Canadian Architect

Student Award of Excellence Winner

Close Encounters
CLOTHILDE CAILLÉ-LÉVESQUE, MCGILL UNIVERSITY


Close Encounters: A New Post Industrial Landscape is an architectural film that uses time-based media as a generative design tool. It outlines the potential of using technological artwork as a means of spatial production, rather than as an after-the-fact representation device.

The project imagines the fictional appropriation of an industrial landscape at the edge of Montreal. Pointe-aux-Trembles is densified and rehabilitated while maintaining the area’s current industrial activities, including petrochemical plants, refineries and metal recycling. The thesis proposes an autonomous ecosystem of quasi-spontaneous architectural and urban elements, addressing the tensions arising from the close proximity of habitable spaces and toxic landscapes.

Through repeated digital experiments, the project sets up a parasitic architectural infrastructure woven into the industrial fabric. Architectural narratives materialized from an obsessive study of the East Montreal industrial park. Rich imagery and fictional processes opened the ground for investigating a future built environment in this part of the city.

By exploring the interaction between different milieus, the interventions also begin to unveil the social and political roots of “the natural.” The new environment navigates the boundaries between binaries: pure/toxic, landscape/architecture, natural/man-made, nature/culture.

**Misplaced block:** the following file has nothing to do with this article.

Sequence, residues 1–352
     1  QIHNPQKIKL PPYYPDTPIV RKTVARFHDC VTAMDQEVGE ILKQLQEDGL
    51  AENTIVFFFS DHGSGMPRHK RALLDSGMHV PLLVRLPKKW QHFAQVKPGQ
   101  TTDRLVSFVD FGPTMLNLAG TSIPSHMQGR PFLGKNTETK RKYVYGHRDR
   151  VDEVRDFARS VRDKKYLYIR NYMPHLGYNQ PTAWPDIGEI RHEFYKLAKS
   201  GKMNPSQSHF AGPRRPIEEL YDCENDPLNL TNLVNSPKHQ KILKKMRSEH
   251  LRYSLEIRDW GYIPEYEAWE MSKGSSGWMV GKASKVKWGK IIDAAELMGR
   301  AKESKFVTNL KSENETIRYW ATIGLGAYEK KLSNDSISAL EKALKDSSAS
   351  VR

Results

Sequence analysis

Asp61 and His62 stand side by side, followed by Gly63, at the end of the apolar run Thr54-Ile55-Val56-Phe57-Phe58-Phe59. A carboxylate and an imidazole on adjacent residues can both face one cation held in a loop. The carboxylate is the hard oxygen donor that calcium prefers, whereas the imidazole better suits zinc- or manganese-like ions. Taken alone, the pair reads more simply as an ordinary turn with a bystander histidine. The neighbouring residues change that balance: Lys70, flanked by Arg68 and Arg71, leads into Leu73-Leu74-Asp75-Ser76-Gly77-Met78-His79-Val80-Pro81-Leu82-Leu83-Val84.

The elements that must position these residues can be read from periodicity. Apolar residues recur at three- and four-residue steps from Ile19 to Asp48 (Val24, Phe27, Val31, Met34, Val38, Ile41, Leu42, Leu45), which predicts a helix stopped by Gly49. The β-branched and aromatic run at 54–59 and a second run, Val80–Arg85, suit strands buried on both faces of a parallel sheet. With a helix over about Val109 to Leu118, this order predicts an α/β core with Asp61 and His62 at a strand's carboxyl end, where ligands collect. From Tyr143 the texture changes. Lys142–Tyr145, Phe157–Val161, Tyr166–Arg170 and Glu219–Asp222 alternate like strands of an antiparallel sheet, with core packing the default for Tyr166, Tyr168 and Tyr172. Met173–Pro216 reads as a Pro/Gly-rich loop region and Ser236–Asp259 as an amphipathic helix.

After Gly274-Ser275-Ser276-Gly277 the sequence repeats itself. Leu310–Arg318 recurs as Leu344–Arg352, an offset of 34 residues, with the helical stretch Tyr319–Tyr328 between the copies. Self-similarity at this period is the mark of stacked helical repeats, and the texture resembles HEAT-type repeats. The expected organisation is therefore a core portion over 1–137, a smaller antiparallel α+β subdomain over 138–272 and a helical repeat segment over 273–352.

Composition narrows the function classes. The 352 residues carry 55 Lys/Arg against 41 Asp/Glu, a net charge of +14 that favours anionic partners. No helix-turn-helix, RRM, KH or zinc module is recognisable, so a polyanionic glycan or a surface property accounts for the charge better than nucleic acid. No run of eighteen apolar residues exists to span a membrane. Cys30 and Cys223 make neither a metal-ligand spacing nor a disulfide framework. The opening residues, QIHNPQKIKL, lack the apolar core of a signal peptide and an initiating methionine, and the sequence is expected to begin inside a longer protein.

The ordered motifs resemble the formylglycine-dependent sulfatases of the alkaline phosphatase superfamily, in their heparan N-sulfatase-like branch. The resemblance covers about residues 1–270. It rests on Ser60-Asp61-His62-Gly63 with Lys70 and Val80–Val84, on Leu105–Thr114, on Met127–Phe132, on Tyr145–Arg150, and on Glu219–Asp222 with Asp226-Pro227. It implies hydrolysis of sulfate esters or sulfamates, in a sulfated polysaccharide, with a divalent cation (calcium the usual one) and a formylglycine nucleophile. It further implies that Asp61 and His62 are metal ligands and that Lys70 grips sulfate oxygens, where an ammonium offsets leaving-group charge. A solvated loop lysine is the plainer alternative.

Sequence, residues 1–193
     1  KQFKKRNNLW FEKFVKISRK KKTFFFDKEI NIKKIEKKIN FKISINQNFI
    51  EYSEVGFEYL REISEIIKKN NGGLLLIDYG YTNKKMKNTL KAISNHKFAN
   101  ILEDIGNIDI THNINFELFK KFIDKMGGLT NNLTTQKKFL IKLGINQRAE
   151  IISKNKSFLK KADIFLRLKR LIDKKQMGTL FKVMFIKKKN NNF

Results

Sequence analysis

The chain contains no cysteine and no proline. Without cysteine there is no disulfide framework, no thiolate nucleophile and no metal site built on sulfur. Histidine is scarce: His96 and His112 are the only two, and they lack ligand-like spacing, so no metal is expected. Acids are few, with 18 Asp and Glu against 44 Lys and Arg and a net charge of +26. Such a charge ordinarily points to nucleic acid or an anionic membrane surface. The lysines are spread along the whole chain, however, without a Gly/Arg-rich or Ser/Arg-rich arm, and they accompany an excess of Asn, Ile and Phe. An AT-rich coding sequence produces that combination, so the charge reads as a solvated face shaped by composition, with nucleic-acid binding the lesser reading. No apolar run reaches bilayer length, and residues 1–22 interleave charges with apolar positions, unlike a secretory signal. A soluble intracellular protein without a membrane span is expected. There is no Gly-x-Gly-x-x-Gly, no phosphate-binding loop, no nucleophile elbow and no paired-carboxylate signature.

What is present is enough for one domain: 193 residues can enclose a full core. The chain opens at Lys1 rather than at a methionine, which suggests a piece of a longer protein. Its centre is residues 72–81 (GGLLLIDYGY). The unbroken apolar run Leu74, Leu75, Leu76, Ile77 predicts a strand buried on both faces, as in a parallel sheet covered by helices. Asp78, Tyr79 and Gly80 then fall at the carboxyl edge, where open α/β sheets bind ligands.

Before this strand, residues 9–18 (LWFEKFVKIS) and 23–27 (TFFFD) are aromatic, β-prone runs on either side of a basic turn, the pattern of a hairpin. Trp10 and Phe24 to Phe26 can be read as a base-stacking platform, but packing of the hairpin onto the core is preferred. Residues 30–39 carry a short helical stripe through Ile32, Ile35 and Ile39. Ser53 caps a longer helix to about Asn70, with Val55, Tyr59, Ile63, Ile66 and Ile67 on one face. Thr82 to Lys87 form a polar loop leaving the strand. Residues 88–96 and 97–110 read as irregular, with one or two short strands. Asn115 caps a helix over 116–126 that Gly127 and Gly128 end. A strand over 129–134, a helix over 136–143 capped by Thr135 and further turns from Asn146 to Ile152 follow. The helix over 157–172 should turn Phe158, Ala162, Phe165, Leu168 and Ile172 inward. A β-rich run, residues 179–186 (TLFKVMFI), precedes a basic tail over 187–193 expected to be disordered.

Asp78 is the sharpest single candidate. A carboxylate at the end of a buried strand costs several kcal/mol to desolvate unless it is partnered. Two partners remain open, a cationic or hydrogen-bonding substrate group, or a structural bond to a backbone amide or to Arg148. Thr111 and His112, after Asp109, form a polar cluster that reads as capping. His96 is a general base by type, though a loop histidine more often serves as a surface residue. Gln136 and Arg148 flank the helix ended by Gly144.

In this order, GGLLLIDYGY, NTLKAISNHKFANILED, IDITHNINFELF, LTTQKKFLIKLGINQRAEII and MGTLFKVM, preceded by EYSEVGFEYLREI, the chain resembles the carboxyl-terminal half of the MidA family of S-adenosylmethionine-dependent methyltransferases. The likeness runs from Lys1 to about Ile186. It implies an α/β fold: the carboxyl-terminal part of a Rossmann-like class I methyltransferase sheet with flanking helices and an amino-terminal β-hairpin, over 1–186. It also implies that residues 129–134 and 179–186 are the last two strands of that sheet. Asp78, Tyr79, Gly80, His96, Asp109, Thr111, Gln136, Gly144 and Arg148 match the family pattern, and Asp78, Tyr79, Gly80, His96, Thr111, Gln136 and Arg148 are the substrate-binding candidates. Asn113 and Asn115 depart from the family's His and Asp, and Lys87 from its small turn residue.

This project leads toward a contemporary rethinking of the role of architects in the shaping of our urban environment. It proposes using the rough edges and cast-offs of design processes, seeking imperfection to pursue the anachronistic and unknown.

Jury Comments

MF: This is a study of how we can use computer modeling tools to create space and atmosphere in better, more involved ways. This is a very good start to studying a new way of doing things.
 
PH: The research project’s primary goal is to use a time-based digital program as a way of generating architectural form. The time-based quality creates an opportunity to imbue the project with emotive qualities and a sense of place.
 
JH: The project is really alluring: it’s bold, atmospheric and potent. Unlike typical parametric architecture, this project has a sensibility that’s unique and powerful. There’s a recognizable reference to the gothic, but there’s also something in the aesthetic that is entirely new.

Student

Clothilde Caillé-Lévesque, McGill University
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